The rapid shift to digital payments due to the recent COVID-19 pandemic has accelerated the need for banks to modernize their antiquated payments infrastructure as demand rises for contactless payments and automation of accounts payables.
While banks’ corporate and retail customers have constantly strived for faster and secure payment experiences to ensure seamless business operations and fulfill commerce needs, now is the time to act.
According to GlobalData, in the next decade, 2.7 billion transactions worth $48 trillion will shift away from cash to cards, interbank payments, and alternative payments instruments. This can be attributed to changing customer demands in this digital era, where users want immediate execution, security, transparency, and a low-cost and omnichannel payments experience.
Payments modernization is also a key imperative for banks as the industry transitions to real-time payments infrastructure. Across the globe, government and private organizations are collaborating to launch real-time payment schemes to support innovation in low-cost multi-currency payments processing. This is pushing banks to invest in the consolidation of fragmented legacy payments systems to achieve interoperability and support these payment schemes.
Regulations also are creating pressure. Market infrastructures such as the Federal Reserve, The Society for Worldwide Interbank Financial Telecommunication (SWIFT), European Central Bank, and Bank of England have announced the go-live date for the ISO 20022 payments messaging format. ISO 20022 will become the de-facto standard by 2025 for high-value payments systems of all reserve currencies. As banks face compliance deadlines for ISO 20022, they need to invest in convertors or translation systems to upgrade their existing payments infrastructure that cannot support the new messaging format and leverage opportunities it presents.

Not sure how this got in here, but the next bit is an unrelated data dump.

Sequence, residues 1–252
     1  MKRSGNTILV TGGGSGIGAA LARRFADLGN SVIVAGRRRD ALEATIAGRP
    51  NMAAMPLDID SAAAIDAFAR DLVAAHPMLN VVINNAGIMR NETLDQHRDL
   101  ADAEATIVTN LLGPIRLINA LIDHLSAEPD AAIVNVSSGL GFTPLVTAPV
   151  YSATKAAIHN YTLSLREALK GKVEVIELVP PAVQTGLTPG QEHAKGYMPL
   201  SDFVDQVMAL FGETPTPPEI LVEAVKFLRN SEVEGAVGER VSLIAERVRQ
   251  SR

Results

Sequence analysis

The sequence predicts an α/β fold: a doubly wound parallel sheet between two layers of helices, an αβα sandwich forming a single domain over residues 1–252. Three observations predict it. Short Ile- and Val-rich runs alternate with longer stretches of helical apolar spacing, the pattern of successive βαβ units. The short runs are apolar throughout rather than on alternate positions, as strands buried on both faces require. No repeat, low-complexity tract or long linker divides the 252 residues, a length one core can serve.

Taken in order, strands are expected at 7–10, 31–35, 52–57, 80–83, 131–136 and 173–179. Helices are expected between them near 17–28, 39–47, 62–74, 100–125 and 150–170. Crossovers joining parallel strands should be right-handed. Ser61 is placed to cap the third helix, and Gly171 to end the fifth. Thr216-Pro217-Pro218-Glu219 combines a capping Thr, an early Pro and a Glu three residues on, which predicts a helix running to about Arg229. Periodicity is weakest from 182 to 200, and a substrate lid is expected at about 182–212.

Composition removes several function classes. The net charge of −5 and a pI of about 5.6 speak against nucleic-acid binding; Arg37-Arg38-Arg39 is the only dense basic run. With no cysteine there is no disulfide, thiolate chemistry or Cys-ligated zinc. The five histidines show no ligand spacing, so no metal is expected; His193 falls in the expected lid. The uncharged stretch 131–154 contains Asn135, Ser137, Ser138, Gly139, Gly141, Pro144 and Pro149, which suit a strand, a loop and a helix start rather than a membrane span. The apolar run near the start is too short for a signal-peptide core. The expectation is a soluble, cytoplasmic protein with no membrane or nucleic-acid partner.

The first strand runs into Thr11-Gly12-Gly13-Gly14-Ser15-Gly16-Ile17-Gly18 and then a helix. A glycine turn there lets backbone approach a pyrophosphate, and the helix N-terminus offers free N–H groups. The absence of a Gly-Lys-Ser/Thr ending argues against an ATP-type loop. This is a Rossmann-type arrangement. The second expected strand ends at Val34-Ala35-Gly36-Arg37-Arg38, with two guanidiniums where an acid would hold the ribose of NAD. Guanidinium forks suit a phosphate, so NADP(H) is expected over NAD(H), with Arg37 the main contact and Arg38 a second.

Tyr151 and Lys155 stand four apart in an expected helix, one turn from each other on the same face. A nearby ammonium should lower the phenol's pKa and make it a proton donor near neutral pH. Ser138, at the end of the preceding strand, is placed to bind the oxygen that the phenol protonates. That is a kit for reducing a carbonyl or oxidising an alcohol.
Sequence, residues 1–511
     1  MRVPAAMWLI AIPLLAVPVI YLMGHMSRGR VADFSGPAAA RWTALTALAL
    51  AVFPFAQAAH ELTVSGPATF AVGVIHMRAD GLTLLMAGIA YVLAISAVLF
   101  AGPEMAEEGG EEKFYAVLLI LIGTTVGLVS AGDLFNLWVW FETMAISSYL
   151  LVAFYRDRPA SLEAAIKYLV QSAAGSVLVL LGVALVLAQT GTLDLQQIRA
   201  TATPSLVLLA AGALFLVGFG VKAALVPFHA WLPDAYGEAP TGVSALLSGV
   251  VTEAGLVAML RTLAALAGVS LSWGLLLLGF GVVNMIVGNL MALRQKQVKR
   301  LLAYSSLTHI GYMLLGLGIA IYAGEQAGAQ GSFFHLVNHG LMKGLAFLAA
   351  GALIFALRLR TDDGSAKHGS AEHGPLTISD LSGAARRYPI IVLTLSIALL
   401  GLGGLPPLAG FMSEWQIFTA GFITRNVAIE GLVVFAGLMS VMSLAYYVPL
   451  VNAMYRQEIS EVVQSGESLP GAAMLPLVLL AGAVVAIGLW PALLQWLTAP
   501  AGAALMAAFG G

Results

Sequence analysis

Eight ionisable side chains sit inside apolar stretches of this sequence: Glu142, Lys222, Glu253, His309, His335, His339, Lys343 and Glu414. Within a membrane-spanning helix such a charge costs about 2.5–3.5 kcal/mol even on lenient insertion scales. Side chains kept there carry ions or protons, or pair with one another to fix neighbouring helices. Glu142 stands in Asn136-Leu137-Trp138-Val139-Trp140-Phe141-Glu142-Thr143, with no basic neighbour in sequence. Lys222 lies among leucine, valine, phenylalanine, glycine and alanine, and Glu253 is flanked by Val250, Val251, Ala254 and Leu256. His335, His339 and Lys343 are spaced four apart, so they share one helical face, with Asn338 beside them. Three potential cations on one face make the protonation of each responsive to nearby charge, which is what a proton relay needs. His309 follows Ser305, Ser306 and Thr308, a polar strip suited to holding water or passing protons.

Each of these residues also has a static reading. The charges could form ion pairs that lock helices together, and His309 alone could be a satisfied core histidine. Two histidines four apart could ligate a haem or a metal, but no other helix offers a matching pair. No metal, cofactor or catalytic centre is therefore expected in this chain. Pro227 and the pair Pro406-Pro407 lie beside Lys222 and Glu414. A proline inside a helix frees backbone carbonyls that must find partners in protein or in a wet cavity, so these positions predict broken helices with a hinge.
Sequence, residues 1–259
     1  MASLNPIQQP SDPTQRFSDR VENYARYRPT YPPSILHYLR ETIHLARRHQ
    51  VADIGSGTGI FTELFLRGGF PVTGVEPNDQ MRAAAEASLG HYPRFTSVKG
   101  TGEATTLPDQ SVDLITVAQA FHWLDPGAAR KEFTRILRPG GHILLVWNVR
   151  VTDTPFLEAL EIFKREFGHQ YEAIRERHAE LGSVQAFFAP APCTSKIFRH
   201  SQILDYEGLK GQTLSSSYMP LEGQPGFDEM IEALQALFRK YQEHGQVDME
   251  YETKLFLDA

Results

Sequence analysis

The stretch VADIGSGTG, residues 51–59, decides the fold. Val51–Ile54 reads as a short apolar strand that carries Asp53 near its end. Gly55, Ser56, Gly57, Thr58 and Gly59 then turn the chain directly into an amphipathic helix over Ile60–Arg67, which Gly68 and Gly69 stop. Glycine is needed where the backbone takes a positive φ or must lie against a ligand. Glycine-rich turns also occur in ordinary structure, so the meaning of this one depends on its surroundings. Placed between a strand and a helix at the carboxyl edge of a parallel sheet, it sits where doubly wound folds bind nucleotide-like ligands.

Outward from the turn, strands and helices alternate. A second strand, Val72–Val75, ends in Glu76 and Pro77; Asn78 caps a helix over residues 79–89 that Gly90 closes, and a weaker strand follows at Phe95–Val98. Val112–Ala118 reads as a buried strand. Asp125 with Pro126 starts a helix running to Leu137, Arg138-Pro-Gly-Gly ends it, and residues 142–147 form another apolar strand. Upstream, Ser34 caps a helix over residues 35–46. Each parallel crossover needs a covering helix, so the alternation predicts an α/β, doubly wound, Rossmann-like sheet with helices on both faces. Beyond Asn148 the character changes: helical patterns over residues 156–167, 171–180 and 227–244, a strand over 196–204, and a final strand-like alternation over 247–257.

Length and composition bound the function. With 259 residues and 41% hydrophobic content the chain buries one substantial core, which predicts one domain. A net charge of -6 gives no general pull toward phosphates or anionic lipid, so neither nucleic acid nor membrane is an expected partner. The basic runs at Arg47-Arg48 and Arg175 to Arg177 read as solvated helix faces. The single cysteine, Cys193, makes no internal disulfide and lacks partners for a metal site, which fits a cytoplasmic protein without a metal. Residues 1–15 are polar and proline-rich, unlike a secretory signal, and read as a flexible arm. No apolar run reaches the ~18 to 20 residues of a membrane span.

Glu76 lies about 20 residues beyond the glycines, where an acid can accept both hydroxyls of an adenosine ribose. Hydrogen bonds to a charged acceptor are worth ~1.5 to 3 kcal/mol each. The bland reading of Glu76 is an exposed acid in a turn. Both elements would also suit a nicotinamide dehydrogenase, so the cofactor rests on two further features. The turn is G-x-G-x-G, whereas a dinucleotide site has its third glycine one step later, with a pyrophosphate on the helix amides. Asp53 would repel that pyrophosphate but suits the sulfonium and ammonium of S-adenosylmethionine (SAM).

On top of this, the cloud-native and integrated platforms offered by BigTechs and FinTechs to disrupt the digital payments industry are also forcing banks to rethink their payments strategies. As central banks do not completely regulate these new market entrants, they have more freedom to innovate in the payments market. They can leverage their customer base to commercially distribute payments to end-users and utilize payments data to build other profitable overlay services.
As banks face the triple mandate to meet customer requirements, comply with emerging payment regulations, and control costs, it has become imperative for them to either build a proprietary system or leverage a third-party modular payments platform.
Banks should keep the following in mind in their modernization journey:
As banks undergo their payments modernization journey to bring payments innovation for their customers, reduce the cost of payments processing, and manage evolving regulations across geographies, they are leveraging payments platforms from third-party vendors such as ACI Worldwide, Global Payments, and Temenos.
These payments technology vendors are expanding their payments offerings to deliver integrated payments solutions and provide support for multiple global real-time payments schemes by investing in partnerships and augmenting their digital technology capabilities.
Some examples of these investments by payment technology vendors include:
In our recently released report, Payments State of the Market Report 2021: Modernizing Data, Applications, and Infrastructure for the Next Phase of the Payments Revolution, we take a deeper look at the payment technology market trends across products, experiences, infrastructure, regulations, data, and technology themes. We also study how technology vendors and service providers are gearing up their investments to cater to these demand trends.
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